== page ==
Our husbands need us to create an atmosphere that they desire to come home to. It's a simple as that. They need to not fear coming home because they will hear about the troubles of the day or be scolded and criticized for things they have failed to do (I'm not saying to not address problems in a proper way). They need home to be a beautiful, peace-filled haven from the world, and not only are we uniquely gifted to create such a place, it is our responsibility to.
My pastor once had a sermon on a woman's mystery and I thought it was a great way to explain a particular aspect to women. Maybe it's simply that we are more complicated, or maybe it's that we are made fundamentally different, but there is a sense in which a man will never fully understand a woman. He doesn't get her reactions to things; he doesn't get the emotions; he doesn't really get how we function, and in a good way. Not that he can't relate so as to comfort or have fellowship, but in the sense that no matter how much he may get to know a woman, there is always a part of her that is shrouded in mystery. And that's a good thing.
I believe God made it that way because men are conquerors who shelve conquests, but a woman's mystery is something they are always going to have to chip away at and never feel like they have mastered it.
It is one way (obviously not the only one) that they stay attracted to us - interested in us.
Obviously, if this is an innate quality to women, it's not something we really have to work at. However, I do think there are ways we can work to amplify our attractiveness to our husbands. A good, faithful man will love and be attracted to his wife whether or not she lets herself go, whether or not she loses all interest in self-care and self-development by focusing too much on the kids, whether or not she keeps trying to be his friend, whether or not she makes the effort to be flirty and sweet. However, a man does need that. He does desire it. It will minimize temptations to look outside of marriage, because though this may be hard to hear, a man will always be drawn to the type of woman he fell in love with. If he fell in love with a charming, cheerful girlish soul who always took excellent care of herself and is now married to a distracted, cranky woman who has let herself go, he won't stop being attracted to that original type and tempted by it when he runs into it. I'm not saying our husbands will leave us if we don't measure up. Please don't misunderstand me. I'm simply trying to say that the loving thing is to care about what attracts our husbands and put in what effort we can to be that for them.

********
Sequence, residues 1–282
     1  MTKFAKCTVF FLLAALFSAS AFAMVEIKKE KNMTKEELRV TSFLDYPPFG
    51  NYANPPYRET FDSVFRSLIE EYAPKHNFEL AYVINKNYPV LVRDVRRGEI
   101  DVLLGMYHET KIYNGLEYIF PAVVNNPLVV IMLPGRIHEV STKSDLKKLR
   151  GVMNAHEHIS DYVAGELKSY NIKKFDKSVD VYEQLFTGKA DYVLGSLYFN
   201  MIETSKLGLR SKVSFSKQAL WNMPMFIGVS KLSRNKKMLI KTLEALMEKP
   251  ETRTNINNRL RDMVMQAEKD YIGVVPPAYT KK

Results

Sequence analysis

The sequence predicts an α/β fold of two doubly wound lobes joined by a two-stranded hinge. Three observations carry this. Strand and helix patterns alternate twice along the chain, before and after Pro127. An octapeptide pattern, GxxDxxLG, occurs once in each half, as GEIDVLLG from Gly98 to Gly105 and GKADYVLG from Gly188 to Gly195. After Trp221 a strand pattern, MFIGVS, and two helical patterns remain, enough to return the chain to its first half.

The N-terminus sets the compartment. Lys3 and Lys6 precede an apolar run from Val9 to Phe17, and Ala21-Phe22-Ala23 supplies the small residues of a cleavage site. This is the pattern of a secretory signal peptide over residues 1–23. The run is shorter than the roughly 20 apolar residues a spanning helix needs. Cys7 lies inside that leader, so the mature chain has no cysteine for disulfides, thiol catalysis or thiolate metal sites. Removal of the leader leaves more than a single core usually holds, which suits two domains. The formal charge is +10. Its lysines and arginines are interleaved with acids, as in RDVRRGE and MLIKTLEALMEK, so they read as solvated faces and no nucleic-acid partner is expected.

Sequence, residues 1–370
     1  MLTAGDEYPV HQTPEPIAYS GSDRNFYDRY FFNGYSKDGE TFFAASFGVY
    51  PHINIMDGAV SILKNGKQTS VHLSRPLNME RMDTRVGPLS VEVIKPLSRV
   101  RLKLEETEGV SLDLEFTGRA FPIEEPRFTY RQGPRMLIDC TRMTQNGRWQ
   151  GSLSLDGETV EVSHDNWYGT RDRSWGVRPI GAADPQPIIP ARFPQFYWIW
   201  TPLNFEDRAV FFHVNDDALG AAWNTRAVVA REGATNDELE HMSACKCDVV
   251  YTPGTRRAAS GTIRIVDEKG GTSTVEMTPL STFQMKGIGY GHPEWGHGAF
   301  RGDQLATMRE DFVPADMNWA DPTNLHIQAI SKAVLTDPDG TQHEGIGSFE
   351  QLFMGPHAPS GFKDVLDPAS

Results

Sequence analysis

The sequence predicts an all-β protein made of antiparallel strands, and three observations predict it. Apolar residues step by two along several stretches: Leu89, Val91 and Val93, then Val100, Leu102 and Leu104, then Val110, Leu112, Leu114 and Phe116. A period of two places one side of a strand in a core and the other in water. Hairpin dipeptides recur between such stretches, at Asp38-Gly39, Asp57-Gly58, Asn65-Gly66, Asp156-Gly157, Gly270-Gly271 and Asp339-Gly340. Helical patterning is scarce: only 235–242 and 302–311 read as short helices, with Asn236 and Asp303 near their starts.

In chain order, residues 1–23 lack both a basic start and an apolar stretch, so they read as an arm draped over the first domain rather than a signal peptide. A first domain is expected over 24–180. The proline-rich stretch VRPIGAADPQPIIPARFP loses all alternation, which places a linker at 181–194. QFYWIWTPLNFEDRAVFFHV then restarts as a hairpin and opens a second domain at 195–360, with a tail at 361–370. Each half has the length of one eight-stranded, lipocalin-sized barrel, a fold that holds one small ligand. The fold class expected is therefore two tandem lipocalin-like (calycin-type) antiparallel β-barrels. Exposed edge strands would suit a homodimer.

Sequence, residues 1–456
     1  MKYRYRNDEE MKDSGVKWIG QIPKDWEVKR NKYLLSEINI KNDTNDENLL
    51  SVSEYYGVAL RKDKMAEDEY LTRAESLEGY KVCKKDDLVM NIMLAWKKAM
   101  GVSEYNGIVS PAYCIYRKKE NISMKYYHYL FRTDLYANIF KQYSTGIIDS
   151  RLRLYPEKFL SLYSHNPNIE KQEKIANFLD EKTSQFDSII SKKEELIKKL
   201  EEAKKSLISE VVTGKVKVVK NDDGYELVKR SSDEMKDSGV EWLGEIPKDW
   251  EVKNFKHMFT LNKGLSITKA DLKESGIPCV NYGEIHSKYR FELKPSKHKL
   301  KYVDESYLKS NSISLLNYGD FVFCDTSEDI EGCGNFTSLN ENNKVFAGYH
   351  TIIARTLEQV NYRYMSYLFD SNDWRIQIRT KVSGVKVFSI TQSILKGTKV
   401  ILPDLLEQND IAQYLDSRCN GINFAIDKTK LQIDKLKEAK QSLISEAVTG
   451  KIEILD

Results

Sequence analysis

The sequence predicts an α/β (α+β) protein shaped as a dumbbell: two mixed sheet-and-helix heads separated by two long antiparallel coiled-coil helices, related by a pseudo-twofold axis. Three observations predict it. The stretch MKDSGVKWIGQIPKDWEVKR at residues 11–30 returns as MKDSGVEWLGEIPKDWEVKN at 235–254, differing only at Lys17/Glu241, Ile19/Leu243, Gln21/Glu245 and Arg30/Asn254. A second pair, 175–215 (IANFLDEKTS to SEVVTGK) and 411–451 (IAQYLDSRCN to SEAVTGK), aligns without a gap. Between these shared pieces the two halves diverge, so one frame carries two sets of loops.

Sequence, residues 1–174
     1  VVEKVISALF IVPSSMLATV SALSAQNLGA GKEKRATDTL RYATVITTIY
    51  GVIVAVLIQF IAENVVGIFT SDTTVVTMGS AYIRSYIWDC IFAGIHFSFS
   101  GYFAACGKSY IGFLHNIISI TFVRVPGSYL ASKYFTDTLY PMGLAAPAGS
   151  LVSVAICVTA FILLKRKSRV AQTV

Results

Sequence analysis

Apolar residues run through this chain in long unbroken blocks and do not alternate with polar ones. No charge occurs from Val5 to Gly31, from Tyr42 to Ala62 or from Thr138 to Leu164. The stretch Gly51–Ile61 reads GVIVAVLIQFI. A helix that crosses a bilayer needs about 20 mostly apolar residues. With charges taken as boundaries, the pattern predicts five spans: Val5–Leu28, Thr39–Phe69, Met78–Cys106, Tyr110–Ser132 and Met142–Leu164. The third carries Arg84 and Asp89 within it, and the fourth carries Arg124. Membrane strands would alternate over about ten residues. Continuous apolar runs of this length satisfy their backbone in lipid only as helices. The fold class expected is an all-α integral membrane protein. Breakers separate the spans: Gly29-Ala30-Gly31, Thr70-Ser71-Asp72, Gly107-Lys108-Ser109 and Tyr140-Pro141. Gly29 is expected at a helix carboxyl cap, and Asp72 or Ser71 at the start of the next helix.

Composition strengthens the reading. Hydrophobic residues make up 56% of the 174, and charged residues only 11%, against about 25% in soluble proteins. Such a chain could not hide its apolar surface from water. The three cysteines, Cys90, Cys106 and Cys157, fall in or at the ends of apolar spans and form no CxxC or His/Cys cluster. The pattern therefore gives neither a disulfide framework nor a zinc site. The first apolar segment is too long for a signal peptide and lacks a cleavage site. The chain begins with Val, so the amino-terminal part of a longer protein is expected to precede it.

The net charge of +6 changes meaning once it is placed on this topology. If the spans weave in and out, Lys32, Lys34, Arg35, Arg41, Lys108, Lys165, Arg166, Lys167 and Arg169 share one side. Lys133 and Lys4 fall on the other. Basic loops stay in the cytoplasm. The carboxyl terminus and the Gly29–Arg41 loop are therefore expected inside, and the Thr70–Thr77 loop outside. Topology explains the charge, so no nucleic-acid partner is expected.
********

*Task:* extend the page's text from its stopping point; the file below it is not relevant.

Our godly husbands love us for who we are, not for how we look or act. But it matters to them, it is loving towards them, when we make an effort to be attractive to them.
How does this relate to our mystery? Practically, I think men like it when we occasionally and unexpectedly change things up in our appearance. I believe it is important to them when we choose to be charming and flirtatious with them. I believe they appreciate when we focus on self-development, have hobbies and interests, and learn new things. They feel that they are with an interesting, growing person, not a stagnant person that depends on them for self-fulfillment. I cannot emphasize enough that we aren't doing this to earn their love. They love us all the same. I'm simply trying to explain a way in which we can lovingly care for our husbands' need for mystery.
I've covered some of the basic needs I think men have. There's one more little thing I wanted to mention before moving onto the practical portion. I know we prioritize needs in our heads...for example, I recently read a mother's comment that basically said, "Yes I know self-care is important but my needs can wait and the baby's can't." And in fact, that's a noble attitude to have. I believe we reason in the same for our husbands. By our logic as mothers, the baby is, well, a baby, and our husband is, well, a grown man. One's immediate needs clearly need to be prioritized above the other's.
The problem lies in continually putting off those secondary priorities; never finding the time to meet them.
It lies in caring for the children's immediate needs and non-immediate needs, real and imagined needs, and never getting around to the other needs, those of self-care or the needs of our husbands. We have to develop the skill of differentiating between "putting off a need for later" and "putting it off entirely." Putting off our own or our husbands' needs entirely isn't fair or healthy for anyone and takes its toll in the long run by putting our marriage relationship under strain. Which sadly, comes back to the kids because they cannot thrive when the marriage relationship is suffering. One way to think about it is that caring for our needs and our husbands' needs is ultimately caring for our children's needs because our children need our marriages to thrive. And our marriage relationships simply won't if we don't put in the work.
Practical Things We Can Do
I'd like to divide this section in to "no-effort" stuff, and "effort" stuff. Of course, everything takes effort, but some things I want to suggest just little changes you can make while others will require a little effort.
Practical No-effort Stuff
Plan your tasks so that a half hour before he comes home, you can stop what you are doing and quickly freshen up. Be intentional about meeting him with a smile, a hug, and a cheerful attitude. If you have any complaints about how your day went, hold off on those and make sure it's not the very first thing he hears.
Pray daily that you create a Spirit-filled, peaceful and blessed atmosphere in the home.
Give your husband your full attention when he talks. For me, this means putting my phone in an unreachable place in the car, because even with the best of intentions I'll get on it without realizing. You can decide what you need to do, but make sure that he feels that when he speaks, you are listening.